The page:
By definition a miracle is not explicable by natural or scientific laws. I believe in miracles. And I’m not talking the 1980 US olympic hockey team win over the USSR (granted that was pretty awesome). I’m talking the literally unbelievable acts of God – things that can only be explained by Him.
But miracles don’t just happen without a process leading up to them. Take for example the gospel of John, which I’m reading right now. There are seven “signs,” or miracles, throughout the book. The first is the wedding at Cana where Jesus turns water into wine. We are told that his mom simply says, “They have no wine.” We could go into that statement in how she doesn’t ask but he just “knows.” I will be sure I don’t mention women & their hinting in any way. That might get me in trouble.
Jesus’ response is fascinating, though. He says, “Woman, what does this have to do with me? My hour has not yet come.” Wow, sounds like he was frustrated with his mom. (Could say a lot about that one, too, but I won’t – I love you, mom!) But he says clearly that he wasn’t planning on coming out of the Messiah closet just yet. Yet he does. (Something should be said about prayer, there, too, but again, not the topic). Specifically that it was water, the jars, the master of the feast, the fact that they ran out of water and more . . . all pieces of the miracle puzzle Jesus enacts all the time.
This first came to mind in Acts 3. Peter and John see a lame beggar outside the temple and he asks them for money. Peter and John say something and do something most of us don’t do to those asking for money: they look in his eyes. They actually have to ask him to look in their eyes! Then Peter says, “I have no silver and gold, but what I do have I give to you. In the name of Jesus Christ of Nazareth, rise up and walk!” They help lift him up, and he’s dancing and singing around. Did Jesus through Peter just say, “Abra-kadabra-walah?” Again, he could have, and the miracle of his walking did happen automatically, but it wasn’t like that.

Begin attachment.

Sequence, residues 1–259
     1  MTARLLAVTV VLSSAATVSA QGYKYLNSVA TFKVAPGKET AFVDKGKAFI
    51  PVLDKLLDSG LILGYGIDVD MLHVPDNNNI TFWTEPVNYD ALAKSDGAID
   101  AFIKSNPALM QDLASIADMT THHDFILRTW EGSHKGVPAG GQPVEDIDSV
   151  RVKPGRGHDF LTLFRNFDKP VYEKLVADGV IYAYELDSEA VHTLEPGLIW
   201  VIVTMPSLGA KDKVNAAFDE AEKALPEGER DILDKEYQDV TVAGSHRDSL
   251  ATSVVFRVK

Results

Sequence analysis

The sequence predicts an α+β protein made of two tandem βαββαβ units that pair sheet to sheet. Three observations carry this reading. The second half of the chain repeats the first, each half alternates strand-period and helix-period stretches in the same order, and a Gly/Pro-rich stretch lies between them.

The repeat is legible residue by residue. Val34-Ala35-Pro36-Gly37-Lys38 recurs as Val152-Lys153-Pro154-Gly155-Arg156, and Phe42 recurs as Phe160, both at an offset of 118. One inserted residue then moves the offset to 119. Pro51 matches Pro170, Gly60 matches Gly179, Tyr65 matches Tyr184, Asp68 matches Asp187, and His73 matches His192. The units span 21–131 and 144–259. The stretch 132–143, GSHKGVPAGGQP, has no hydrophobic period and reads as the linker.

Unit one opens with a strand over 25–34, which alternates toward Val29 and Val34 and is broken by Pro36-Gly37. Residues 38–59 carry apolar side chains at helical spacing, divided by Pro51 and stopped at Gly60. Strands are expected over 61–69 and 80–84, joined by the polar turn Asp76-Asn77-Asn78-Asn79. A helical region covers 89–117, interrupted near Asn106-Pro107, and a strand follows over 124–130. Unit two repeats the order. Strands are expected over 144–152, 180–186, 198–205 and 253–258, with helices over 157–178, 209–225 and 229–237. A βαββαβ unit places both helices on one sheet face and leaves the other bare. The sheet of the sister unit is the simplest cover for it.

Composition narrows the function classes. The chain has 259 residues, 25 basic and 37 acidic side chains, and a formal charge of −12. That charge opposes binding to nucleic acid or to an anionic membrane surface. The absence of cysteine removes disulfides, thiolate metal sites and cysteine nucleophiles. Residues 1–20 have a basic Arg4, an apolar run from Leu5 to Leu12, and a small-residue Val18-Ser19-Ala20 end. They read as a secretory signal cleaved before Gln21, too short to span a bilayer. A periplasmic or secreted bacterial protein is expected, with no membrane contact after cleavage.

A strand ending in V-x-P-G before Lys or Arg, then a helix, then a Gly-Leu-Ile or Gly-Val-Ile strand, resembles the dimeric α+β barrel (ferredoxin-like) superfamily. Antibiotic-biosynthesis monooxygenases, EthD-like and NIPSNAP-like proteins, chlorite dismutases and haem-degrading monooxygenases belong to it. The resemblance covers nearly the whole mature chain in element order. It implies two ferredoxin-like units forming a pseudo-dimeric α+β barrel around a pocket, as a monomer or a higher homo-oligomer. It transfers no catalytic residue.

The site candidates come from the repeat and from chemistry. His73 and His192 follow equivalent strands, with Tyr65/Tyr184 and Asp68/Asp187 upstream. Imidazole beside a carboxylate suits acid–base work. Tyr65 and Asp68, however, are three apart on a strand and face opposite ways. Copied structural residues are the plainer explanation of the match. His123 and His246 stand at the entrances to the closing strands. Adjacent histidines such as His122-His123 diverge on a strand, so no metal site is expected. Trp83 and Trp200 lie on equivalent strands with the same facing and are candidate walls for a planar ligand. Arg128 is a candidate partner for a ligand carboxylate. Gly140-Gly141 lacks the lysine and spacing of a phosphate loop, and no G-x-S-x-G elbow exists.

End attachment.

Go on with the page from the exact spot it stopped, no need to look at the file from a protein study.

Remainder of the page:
There was setup involved in these miraculous events. There always is. Why doesn’t God save the people who have terminal cancer all the time? Why does he “let” us lose our homes or jobs? Why doesn’t He just cease all war? Why do people get divorced? Couldn’t miracles be done to avoid these things? You bet there can be. But there aren’t always miracles. And sometimes miracles actually make things harder! I mean, are all miracles good? By definition, it defies “natural” or even “process” laws. Yet, there is a process. But while most times miracles are good for someone or some group, sometimes they don’t seem so for others. I can think of specific times in my life that aren’t worth mentioning, but it can happen. Now don’t get me wrong, some of these examples may sound cruel, but hear me out. The horribly awful man that miraculously survives the car crash who would later become a murderer or adulterer – is that a good thing? When one team “miraculously” wins, I doubt the other team is too cheery about it.
Miracles don’t always “seem” best, but they always are best. Why? Because of their process. Both leading up to them and what follows. In the two biblical examples above, one person asked (hinted) for a miracle (passively, mind you). The other had no thought of a chance a miracle could occur. Sometimes they happen out of the blue and sometimes they are answered beyond our wildest dreams! Moreover, many times they happen without us even knowing! So should we ask for miracles? Or just let them play out? Mary asked for one (sort of). And we see others who do, both verbally and physically: centurion for his son, woman who bled for 12 years, and more. Then there’s others received the benefits of a miracle who had not idea it could be done: Lazurus, Peter’s mother-in-law, and more.
So what does this mean? I mean, is this just some theological rant? I don’t think so. I think we need to both open our eyes and close our eyes. We need to open our eyes to the miracles of our life, both past and present. Ones we asked for and others we didn’t. And we need to rewind and fast forward the moments on either side of those events. We see God’s hand in a unique way. And this causes us to worship Him – so we close our eyes and do so – and ask, boldly, for more miracles, knowing that He can and sometimes will perform them, according to His will.
What great hope is in this! So often I live in the “natural” life instead of the supernatural. I live expecting one thing to happen after another because “that’s just how it works.” I think we ought to live with a certain hope that God is not only alive, but at work in our world. I don’t mean to sound all ideological, but certainly hopeful and trusting. I love Oswald Chambers’ quote on this:
“Certainty is the mark of the commonsense life—gracious uncertainty is the mark of the spiritual life” (My Utmost for His Highest, April 29).